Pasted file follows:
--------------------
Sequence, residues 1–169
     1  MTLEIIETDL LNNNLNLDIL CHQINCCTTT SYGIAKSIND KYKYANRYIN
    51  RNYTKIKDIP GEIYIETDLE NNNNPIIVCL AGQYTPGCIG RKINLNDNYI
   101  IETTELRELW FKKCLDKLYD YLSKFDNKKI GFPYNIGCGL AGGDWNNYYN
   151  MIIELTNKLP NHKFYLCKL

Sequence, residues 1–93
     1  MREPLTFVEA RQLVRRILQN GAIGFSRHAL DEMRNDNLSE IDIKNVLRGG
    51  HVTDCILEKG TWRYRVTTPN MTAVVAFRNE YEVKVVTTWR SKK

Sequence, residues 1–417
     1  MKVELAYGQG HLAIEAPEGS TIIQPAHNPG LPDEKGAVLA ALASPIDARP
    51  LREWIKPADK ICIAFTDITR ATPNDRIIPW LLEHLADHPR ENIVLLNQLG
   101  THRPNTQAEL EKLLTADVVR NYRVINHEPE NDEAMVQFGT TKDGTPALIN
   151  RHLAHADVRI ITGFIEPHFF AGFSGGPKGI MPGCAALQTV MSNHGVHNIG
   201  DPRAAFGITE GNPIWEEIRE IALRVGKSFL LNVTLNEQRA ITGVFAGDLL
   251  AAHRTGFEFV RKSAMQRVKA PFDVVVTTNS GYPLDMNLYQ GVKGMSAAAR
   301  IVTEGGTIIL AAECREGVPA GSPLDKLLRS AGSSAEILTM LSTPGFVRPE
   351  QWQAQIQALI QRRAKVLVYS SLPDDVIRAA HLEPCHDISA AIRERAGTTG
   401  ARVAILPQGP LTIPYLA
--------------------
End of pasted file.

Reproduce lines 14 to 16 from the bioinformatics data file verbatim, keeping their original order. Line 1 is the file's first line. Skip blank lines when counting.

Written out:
   201  DPRAAFGITE GNPIWEEIRE IALRVGKSFL LNVTLNEQRA ITGVFAGDLL
   251  AAHRTGFEFV RKSAMQRVKA PFDVVVTTNS GYPLDMNLYQ GVKGMSAAAR
   301  IVTEGGTIIL AAECREGVPA GSPLDKLLRS AGSSAEILTM LSTPGFVRPE